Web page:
The Handmaid’s Tale
Release Year: 1990
Director: Volker Schlöndorff
Writers: Harold Pinter (screenplay), Margaret Atwood (based on her 1985 novel The Handmaid’s Tale)
Starring: Natasha Richardson, Faye Dunaway, Robert Duvall, Elizabeth McGovern, Aidan Quinn, Victoria Tennant, Blanche Baker, Traci Lind
In a poluted dystopian future in which parts of the U.S. is ruled by pseudo-religious fascists fertily has declined rapidly and fertile women are kept as so-called ‘handmaids’ in order to provide the elites with children.
Margaret Atwood’s paranoid feminist dystopia The Handmaid’s Tale has become very popular in recent years with the recent tv-adaptation, but some might remember that the novel was adapted to film in 1990. Among dystopian scenarios, the one in The Handmaid’s Tale has always struck me as rather ludicrous and silly. This transformation from the USA we know to suppresive dystopian regime apparently happens rather quickly after some catastrophe, and the religiosity portrayed in the story has so little to do with real life religion that only the most ignorant can believe that people would so easily adopt this new system. In the midst of this unsatisfactory world-building we find the character of Offred (Natasha Richardson), who is given a backstory and real name (Kate) for the film. She is sent to the Commander of the new regime (Robert Duvall) to provide him with an heir, but the problem might be more on the side of the Commander than the numerous handmaids he and his wife have gone through. Needless to say he is a hypocrite, but so is Offred in some ways, as her late husband and daughter is quickly forgotten when she begins a sexual relationship with an attractive young man. The story itself is okay, but as mentioned before the world-building is weak and so, sadly, is the characterization. We never really get a feel for any of the characters. The movie is obviously meant to shock, but that would have been easier if the premise had been more realistic. While it is obviously meant to be a commentary of the political climate of the 1980s, it instead ends of being somewhat insulting to mankind in general, but Christians and women in particular. Best give this a pass unless you are a big fan of Atwood’s novel.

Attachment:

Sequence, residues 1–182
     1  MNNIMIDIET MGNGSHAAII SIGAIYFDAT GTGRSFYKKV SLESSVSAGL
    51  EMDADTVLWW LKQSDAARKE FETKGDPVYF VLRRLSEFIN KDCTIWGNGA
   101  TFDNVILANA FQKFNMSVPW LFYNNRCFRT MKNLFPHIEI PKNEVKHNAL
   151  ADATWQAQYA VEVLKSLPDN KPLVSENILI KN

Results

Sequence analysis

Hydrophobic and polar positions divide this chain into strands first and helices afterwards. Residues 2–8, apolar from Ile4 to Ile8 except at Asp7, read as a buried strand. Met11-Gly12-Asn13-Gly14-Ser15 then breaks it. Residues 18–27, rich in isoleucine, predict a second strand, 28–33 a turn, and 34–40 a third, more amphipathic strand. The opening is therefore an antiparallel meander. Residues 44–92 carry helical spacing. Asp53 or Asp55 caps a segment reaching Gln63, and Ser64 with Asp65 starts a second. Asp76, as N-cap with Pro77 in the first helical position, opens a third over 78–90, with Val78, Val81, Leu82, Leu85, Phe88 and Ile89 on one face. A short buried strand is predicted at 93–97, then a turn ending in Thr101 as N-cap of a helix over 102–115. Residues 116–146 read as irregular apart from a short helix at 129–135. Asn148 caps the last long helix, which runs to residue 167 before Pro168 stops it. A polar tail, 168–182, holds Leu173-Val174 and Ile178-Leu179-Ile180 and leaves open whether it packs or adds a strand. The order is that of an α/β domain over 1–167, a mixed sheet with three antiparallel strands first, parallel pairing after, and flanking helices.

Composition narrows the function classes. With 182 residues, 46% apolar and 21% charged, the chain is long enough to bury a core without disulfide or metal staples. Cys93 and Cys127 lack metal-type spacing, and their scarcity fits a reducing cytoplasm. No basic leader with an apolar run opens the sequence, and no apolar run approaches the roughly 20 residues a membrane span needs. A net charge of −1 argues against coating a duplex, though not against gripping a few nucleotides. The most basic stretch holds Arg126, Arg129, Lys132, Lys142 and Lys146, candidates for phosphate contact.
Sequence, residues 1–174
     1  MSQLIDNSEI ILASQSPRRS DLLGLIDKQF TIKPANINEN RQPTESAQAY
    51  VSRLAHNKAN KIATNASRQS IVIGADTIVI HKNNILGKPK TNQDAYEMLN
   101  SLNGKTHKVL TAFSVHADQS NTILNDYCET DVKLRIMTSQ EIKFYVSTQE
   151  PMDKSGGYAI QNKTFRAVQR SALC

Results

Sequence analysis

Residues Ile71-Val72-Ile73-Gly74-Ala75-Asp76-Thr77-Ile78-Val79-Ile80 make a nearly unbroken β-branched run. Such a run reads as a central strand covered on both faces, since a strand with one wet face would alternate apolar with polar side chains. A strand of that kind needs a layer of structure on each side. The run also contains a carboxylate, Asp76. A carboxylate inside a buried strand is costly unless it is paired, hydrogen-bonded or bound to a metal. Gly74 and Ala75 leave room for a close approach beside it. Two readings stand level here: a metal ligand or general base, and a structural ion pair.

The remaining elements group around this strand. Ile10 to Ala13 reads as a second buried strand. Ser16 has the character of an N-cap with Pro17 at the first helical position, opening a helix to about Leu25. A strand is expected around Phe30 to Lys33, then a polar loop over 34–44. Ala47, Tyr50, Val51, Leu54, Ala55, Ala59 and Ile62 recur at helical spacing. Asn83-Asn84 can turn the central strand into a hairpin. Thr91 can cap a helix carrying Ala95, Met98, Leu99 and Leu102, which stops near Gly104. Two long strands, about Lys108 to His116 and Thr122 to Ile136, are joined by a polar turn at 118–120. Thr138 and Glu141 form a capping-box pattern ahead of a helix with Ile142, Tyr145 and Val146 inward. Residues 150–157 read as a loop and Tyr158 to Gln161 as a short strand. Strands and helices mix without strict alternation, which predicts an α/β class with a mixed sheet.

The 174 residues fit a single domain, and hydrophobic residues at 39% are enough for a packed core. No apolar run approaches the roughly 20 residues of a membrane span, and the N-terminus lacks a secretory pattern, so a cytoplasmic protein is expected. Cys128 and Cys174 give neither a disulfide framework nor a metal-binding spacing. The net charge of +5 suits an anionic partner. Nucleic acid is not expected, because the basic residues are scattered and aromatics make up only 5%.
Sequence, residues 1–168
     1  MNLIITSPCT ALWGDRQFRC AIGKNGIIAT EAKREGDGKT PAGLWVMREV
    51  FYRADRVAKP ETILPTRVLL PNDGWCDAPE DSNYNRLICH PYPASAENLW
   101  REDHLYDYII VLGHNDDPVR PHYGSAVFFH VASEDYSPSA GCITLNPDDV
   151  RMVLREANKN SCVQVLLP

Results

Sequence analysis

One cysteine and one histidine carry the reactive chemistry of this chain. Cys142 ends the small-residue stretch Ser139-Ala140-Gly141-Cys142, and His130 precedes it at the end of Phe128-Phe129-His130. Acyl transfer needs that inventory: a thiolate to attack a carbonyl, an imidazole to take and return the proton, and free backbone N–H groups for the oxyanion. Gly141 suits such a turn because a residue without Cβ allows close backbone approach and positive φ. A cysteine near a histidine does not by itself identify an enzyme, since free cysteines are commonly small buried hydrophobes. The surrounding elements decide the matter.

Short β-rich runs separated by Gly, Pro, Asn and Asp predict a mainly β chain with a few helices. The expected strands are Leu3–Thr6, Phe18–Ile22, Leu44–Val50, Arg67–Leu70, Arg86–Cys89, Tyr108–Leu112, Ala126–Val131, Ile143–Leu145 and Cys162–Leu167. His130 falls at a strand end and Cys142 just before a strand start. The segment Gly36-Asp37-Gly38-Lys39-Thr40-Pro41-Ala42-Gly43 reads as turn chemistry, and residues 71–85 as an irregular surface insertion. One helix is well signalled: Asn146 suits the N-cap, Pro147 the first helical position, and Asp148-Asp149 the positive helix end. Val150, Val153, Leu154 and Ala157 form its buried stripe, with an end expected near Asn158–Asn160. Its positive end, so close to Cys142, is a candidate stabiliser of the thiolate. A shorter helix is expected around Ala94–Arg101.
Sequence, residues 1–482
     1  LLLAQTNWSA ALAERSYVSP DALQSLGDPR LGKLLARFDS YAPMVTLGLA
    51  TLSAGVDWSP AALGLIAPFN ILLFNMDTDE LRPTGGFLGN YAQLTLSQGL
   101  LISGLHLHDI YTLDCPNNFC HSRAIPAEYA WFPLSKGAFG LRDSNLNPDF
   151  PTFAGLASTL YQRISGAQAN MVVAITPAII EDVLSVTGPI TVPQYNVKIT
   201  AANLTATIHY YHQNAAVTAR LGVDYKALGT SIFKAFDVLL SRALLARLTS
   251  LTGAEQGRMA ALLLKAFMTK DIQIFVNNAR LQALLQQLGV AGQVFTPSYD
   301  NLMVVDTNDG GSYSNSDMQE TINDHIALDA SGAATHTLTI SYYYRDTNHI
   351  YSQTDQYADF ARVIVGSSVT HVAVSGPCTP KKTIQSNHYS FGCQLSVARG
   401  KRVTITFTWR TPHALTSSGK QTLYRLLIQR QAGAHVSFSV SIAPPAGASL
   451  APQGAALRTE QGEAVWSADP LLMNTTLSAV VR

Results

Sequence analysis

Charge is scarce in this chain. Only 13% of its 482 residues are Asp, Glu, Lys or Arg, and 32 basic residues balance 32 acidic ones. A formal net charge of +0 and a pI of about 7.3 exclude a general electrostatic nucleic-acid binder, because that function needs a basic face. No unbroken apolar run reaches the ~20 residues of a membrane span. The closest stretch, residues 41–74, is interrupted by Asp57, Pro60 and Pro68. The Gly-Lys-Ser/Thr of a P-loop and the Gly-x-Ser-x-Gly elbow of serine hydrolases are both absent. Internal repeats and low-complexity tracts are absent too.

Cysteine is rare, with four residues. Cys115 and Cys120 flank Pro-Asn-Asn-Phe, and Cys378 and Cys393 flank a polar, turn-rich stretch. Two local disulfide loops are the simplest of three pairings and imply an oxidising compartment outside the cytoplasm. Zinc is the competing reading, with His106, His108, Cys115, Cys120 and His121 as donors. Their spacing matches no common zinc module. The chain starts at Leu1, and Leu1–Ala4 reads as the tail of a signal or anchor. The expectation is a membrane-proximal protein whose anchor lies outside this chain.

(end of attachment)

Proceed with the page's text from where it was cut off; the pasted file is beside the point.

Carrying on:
The lead role of Kate/Offred was offered to Jodie Foster and Sigourney Weaver, the latter had to drop when she became pregnant with her daughter.
Picture Copyright: MGM